In the United States, hearing loss is one of the most common afflictions among adults. Hearing loss in adults is often the result of exposure to loud noises in the workplace; however, the condition can also occur in children. So, what are the factors that contribute to hearing loss in young people and infants?
There can be many causes of hearing loss in an infant or child and they usually fall under two categories:
- Congenital Hearing Loss – Congenital hearing loss is hearing loss experienced either before or from birth. It can be caused by genetic factors, but may also occur due to injuries during the birthing process. Congenital hearing loss has also been attributed to infections contracted while the baby was in the utero.
- Acquired Hearing Loss – Acquired hearing loss is hearing loss that occurs after birth. In children, this type of hearing loss is caused by ear infections, including both bacterial and viral infections. Your child may also lose their hearing if they are exposed to loud noises at an early age. Head injuries have also been known to cause hearing loss in children.
Hearing Tests for Newborns and Children
It is a common practice for newborns to receive a hearing test before leaving the hospital. Hearing tests in infants consists of a screening process that monitors brain function and how it processes the hearing response. These tests are sometimes referred to as ABR tests or BAER. The abbreviation stands for “Auditory Brainstem Response”.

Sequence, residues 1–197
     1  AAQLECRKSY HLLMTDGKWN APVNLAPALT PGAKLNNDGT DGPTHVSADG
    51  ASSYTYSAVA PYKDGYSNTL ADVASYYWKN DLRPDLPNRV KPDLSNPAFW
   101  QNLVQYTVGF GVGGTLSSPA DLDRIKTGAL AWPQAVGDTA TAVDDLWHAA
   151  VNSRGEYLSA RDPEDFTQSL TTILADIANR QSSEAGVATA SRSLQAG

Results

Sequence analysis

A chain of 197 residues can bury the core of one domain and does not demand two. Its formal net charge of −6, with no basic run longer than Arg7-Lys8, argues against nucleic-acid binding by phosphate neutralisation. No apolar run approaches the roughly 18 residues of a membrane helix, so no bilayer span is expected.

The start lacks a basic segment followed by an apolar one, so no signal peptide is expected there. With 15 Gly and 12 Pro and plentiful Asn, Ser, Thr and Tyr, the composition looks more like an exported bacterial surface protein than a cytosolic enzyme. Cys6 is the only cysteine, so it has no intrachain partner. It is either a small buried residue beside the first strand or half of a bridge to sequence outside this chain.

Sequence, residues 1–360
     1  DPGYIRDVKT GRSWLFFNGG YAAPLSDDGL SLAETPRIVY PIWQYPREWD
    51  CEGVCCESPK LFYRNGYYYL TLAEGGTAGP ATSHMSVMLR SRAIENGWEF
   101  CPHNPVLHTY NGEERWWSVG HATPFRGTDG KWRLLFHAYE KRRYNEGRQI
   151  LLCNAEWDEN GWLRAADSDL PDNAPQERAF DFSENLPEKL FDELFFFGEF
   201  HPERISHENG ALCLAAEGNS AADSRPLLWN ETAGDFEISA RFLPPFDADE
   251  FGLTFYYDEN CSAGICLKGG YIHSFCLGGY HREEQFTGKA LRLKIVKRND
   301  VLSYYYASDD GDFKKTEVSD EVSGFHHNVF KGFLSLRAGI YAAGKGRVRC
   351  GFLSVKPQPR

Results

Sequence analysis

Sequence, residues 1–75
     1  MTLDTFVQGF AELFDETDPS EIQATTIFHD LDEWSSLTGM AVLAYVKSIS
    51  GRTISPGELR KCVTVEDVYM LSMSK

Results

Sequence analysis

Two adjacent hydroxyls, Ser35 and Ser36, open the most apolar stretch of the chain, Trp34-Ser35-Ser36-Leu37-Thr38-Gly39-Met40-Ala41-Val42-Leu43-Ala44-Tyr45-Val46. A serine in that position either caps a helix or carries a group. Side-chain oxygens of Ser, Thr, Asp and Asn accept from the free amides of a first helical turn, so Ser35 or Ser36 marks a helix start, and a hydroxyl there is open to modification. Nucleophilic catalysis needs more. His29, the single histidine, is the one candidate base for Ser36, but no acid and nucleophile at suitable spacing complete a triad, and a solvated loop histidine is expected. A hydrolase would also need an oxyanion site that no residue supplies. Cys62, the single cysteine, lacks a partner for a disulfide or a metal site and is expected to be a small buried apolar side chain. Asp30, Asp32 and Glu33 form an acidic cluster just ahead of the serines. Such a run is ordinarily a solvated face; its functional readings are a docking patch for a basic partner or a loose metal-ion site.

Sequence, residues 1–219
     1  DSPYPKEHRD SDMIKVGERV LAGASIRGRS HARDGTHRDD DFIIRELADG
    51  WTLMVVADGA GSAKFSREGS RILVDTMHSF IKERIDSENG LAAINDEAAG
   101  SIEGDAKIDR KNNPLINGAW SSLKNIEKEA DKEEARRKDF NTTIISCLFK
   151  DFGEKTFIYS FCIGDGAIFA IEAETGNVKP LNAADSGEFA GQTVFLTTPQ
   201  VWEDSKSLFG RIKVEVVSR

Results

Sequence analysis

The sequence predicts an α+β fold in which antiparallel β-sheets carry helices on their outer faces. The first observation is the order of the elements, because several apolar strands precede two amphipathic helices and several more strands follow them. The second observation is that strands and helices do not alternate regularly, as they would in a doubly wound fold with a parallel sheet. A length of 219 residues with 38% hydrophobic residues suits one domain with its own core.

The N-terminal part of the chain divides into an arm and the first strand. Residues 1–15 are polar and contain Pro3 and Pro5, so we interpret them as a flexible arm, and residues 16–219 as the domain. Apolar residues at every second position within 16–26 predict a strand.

This ABR is designed to diagnose hearing loss in approximately 90 percent of infants, but there will be exceptions. In cases where a newborn experiences mild hearing loss, an ABR test may not detect it. Hearing screenings, in general, cannot accurately identify mild or even progressive hearing loss. Regular hearing tests are always suggested to fill this gap.
The Centers for Disease Control and Prevention (CDC) recommends that hearing tests be performed at certain milestones throughout a child’s life. Milestones for hearing tests include when your child first starts attending school and every two years starting at age six. Hearing tests are also suggested one time during both middle and high school.
Signs of Hearing Loss in Children
Acquired hearing loss can occur at any time in your child’s life so regular hearing tests are very important. A child learns how to speak by listening to how other’s talk. A child who has trouble hearing will also display difficulties in learning how to speak or show developmental delays. You should always discuss any concerns you have with your family physician. Don’t ignore the signs.
Signs to watch out for include difficulty learning how to speak, poor attention span or behavior and difficulty with schoolwork. Some children may have a delay in response or lack the right response when spoken too. Always pay attention if a teacher or relative expresses concern.
All of the signs mentioned above may indicate that your child has a problem hearing or processing sound in his or her environment. If your child is showing any of these symptoms, consult your doctor. Hearing loss shouldn’t go unnoticed or untreated and the best way is through identification early on in life.